Until then, Russian dominance in the Black Sea seemed indisputable. The loss of the Russian cruiser ‘Moskva’, sunk on Thursday, represents a major operational stumbling block for the Russians in the war in Ukraine, but above all a colossal symbolic loss.
The flagship of the Russian Navy in the Black Sea, in service since the early 1980s, sank in a few hours and with it part of the pride of President Vladimir Putin’s armed forces, already proven since the beginning of his invasion from Ukraine at the end of February.
According to Moscow, it was hit by a fire that detonated ammunition. For Kyiv, he was the victim of a missile attack. A version accredited this Friday by the Pentagon.
In both cases, “it is a very strong symbolic loss,” said former Admiral Pascal Ausseur, director general of the Mediterranean Foundation for Strategic Studies (FMES).
A ship like this is usually trained to keep fighting after one or more hits and knows how to control a fire, the warship’s bane. “It is a 12,000-ton ship, which sank in 12 hours (…). It is not as planned,” he added to AFP.
This 186-meter missile cruiser was armed with 16 Bazalt/Voulkan anti-ship missiles, Fort missiles, the naval version of the long-range S-300 missiles, and short-range Ossa missiles. It also had rocket launchers, cannons and torpedoes.
It is a very strong symbolic loss.”
Its crew could number 680 men, according to the Russian Defense Ministry. “It provided air cover for the other ships during their operations, in particular the shelling of the coast and the landing maneuvers,” said the spokesman for the Odessa regional military administration Sergei Bratchouk, in Telegram.
The operating deficit is significant and manageable for Moscow, according to Western sources contacted by AFP.
He protected the entire 150-kilometre diameter around his position, Nick Brown, an expert at the British private intelligence institute Janes, told AFP.
It will be difficult to replace its air defense capabilities with the Bosphorus and Dardanelles straits closed by Turkey to Russian ships.”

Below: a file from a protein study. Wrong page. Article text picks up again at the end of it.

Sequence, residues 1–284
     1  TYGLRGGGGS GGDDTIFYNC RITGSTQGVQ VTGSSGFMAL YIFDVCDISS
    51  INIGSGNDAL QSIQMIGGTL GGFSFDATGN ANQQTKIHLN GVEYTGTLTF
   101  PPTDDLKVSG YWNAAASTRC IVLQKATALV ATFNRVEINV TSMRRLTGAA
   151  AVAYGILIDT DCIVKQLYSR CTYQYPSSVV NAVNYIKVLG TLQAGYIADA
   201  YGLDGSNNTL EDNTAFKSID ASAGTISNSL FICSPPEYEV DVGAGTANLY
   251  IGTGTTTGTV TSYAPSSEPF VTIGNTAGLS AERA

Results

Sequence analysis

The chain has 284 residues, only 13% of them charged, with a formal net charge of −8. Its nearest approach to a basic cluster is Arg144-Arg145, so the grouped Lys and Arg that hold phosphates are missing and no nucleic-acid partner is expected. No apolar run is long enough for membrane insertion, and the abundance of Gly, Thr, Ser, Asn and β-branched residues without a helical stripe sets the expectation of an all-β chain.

“With the Bosphorus and Dardanelles straits closed by Turkey to Russian ships, it will be difficult for Russia to replace its air defense capabilities,” he said.
But “the rest of the Black Sea Fleet remains a powerful force,” it tempers, with in particular modern Admiral Grigorovich-type frigates equipped with more modern air defenses than the Moskva, albeit shorter-range, and Kalibr land-attack missiles. “The Russian fleet has not been put out of action.”
However, Moscow takes a spectacular slap. After refusing, against all odds, to gain absolute control of Ukrainian airspace, and having shown significant tactical and strategic weaknesses in the first weeks of its ground operations, here is your navy affected.
“We find the same mistakes at sea that the Russians make on land,” a French high command bluntly cuts.
“The loss of the ship itself will technically not set Moscow back, as the Russian Navy’s involvement in the war was quite limited,” said Maia Otarashvili of the Foreign Policy Research Institute (FPRI) in Washington.
We find the same mistakes at sea that the Russians make on land.”
But Moscow could take it into account if it considered “more directly involving the Navy in the conflict.”
Because if the Moskva was indeed hit by Neptune missiles, perhaps combined with the use of a drone for marking or decoy purposes, as the Ukrainian forces claim, the question of the reality of its equipment arises.
“Does Ukraine have naval defense capabilities that Moscow has not assessed?” asks Maia Otarashvili, noting that President Volodymyr Zelensky’s government has consistently called for coastal missiles to fill its gaps.
“What kind of newly obtained anti-ship missiles does Ukraine have? What kind of damage could it cause to the Russian Navy?”
Analysis of the hull of the sunken ship will reveal whether or not it was hit by missiles
Details of the attack on the ship will not be immediately known. The observation of the hull is essential to establish them, but now it is at the bottom of the Black Sea.
The image of a prestigious ship remains, which stood out in Georgia in 2008 and in Syria in 2015-2016, with a supposedly experienced crew that considered it essential to evacuate the ship because it could not be saved.
“It was the command ship, probably the personnel that commanded the naval group were there,” concludes Pascal Ausseur. They will need to designate another building to carry out these coordination functions.
“It is a very small sea, the whole world is within range of anti-ship missiles. Detection and identification are very easy,” he adds. The disappearance of the Moskva “shows a real vulnerability” of the Russian navy.